Brooklyn CM Antonio Reynoso echoed Torres’ remarks in an interview with Capital New York: “The horse carriage issue is definitely the mayor’s priority, and if the mayor wants to push it in the City Council, he can do that . . . I don’t think that the responsibility of trying to push this — one of his greatest priorities — is on the Council.”
The Mayor has failed not only to lobby Council Members, but also to build public support; to speak out after carriage accidents were reported; and to address the misinformation reported by the pro-carriage press, the unions and the industry itself. In fact, the Mayor has done virtually nothing to generate support for the bill. His deafening silence and inaction in the face of growing opposition over the past 18 months resulted in a massive erosion of support in both the City Council and the general public – support that advocates spent years building.
Furthermore, the Mayor’s consistent refusal to address the issue in the media, apart from merely reiterating his support for a ban, enabled the opposition to control the story and to portray the local animal advocacy community as a group of misguided, uninformed extremists.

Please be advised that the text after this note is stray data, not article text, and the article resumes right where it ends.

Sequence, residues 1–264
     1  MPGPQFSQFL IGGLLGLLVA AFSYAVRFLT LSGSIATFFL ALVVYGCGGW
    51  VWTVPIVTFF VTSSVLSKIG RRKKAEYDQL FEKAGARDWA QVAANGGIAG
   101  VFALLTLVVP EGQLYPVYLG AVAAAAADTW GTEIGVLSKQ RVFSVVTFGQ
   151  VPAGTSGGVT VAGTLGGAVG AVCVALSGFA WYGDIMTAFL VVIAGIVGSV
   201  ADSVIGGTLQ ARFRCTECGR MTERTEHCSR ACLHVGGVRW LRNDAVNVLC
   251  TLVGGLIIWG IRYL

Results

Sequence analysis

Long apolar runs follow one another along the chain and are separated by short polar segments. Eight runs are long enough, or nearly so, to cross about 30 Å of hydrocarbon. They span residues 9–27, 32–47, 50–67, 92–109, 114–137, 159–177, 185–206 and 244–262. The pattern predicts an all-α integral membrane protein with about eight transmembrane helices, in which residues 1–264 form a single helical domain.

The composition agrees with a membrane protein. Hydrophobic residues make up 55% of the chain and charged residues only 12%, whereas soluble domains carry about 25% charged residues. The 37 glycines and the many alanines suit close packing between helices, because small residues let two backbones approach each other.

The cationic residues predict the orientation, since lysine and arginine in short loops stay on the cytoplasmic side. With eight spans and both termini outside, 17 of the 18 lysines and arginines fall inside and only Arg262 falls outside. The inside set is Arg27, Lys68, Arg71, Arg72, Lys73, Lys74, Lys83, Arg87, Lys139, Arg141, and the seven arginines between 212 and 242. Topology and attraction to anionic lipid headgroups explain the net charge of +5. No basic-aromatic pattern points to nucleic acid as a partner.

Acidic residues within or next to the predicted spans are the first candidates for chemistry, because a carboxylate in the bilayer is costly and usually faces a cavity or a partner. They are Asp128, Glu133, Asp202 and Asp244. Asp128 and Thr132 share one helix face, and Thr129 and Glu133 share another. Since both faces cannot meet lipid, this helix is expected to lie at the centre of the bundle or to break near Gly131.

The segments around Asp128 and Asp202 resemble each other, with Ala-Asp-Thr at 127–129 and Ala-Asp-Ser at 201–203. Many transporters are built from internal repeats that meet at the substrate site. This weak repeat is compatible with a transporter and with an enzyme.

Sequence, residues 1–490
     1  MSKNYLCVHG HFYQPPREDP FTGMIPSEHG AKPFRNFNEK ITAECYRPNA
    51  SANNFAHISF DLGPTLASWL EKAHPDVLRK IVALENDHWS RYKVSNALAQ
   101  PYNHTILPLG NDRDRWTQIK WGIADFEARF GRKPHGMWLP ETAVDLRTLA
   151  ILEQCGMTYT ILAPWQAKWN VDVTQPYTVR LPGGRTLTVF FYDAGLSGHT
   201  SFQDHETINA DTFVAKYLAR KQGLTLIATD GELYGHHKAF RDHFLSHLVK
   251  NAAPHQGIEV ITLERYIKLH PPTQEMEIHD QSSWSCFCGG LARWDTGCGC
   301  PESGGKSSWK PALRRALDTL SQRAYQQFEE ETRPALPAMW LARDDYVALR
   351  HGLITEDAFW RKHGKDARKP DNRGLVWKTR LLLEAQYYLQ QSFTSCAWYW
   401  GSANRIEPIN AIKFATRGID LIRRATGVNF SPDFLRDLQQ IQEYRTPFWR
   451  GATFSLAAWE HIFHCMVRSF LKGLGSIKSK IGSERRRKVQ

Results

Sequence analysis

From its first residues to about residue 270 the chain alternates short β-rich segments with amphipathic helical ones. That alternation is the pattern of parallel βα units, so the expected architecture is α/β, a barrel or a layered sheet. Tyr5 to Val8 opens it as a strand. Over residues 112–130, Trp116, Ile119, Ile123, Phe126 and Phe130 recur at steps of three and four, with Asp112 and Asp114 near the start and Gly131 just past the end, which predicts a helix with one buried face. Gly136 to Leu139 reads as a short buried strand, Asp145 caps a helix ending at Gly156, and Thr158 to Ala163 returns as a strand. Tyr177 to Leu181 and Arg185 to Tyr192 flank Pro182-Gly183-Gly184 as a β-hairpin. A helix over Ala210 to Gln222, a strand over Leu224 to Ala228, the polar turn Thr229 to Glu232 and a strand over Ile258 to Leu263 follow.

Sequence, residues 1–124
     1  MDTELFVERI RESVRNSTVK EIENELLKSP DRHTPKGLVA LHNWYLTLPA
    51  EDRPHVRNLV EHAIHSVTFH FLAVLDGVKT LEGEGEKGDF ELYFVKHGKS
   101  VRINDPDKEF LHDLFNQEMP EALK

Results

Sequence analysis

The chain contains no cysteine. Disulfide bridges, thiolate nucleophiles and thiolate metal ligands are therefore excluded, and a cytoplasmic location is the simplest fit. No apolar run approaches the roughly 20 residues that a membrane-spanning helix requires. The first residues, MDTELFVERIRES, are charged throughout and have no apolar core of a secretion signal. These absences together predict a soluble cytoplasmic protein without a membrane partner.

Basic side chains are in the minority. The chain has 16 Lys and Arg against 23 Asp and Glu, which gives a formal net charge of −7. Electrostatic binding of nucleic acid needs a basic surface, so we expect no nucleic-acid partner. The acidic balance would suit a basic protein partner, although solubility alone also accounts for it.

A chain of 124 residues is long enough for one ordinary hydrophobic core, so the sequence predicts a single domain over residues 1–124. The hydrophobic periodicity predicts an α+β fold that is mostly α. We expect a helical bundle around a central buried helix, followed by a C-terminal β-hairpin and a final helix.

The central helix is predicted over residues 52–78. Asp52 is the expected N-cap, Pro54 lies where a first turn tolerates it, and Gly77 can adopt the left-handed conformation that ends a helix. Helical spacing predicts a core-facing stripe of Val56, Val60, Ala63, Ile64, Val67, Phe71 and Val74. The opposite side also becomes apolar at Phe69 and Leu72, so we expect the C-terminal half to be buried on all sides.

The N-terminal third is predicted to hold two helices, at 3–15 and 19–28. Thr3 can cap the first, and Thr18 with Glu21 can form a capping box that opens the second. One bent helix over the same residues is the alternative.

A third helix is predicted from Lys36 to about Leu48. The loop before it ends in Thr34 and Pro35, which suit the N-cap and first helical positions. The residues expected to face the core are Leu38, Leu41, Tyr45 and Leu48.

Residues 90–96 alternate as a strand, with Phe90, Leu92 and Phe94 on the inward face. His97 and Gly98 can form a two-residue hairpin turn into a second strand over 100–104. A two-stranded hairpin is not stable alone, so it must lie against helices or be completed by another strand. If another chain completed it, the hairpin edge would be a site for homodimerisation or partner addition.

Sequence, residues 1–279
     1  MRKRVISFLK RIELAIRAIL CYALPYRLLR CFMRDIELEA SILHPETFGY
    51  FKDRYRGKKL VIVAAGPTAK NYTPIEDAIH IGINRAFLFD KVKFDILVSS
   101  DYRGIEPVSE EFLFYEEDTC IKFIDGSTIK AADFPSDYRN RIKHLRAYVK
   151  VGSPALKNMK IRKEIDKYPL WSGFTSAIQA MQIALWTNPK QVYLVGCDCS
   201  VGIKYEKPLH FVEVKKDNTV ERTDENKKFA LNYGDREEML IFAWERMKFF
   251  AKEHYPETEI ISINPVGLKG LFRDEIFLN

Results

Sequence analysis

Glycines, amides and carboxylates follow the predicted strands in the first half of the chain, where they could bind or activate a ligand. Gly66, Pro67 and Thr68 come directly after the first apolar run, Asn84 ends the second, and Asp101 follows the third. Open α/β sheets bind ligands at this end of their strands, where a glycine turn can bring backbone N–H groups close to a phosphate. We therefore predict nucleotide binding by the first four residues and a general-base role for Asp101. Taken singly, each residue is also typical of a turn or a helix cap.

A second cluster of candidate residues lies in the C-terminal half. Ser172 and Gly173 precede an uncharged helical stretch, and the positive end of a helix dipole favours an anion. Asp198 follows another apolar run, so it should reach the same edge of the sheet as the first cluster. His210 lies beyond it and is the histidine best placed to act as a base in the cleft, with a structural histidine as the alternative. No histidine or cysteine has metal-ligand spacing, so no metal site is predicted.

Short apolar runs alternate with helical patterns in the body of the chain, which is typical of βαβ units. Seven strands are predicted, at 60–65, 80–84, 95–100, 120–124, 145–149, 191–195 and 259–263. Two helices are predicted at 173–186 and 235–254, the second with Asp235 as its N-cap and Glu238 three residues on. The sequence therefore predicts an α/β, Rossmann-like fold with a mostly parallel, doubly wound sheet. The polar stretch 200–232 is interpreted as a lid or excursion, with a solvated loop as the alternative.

Perhaps even more duplicitous than the Mayor’s decision to renounce his responsibility for this bill is his insistence that NYCLASS, the local animal advocacy group leading the effort, spend hundreds of thousands of dollars on a TV commercial (see below) to generate public support for his bill. Why would the Mayor encourage the community to waste such a staggering sum of money, which could have been used to help other animals, in support of a bill that he already knew he had no intention of backing? Was he hoping that NYCLASS would have no money left to hold him accountable after he betrayed the community (and the horses)?
Bill de Blasio won the Mayoral election in 2013 in large part because the animal protection community brought down his chief (anti-animal) rival, Christine Quinn, and donated time and money to his campaign. The community embraced de Blasio because he said that in his administration, animal rights would move from the margins to the mainstream and, of course, because he vowed to take the horses out of harm’s way.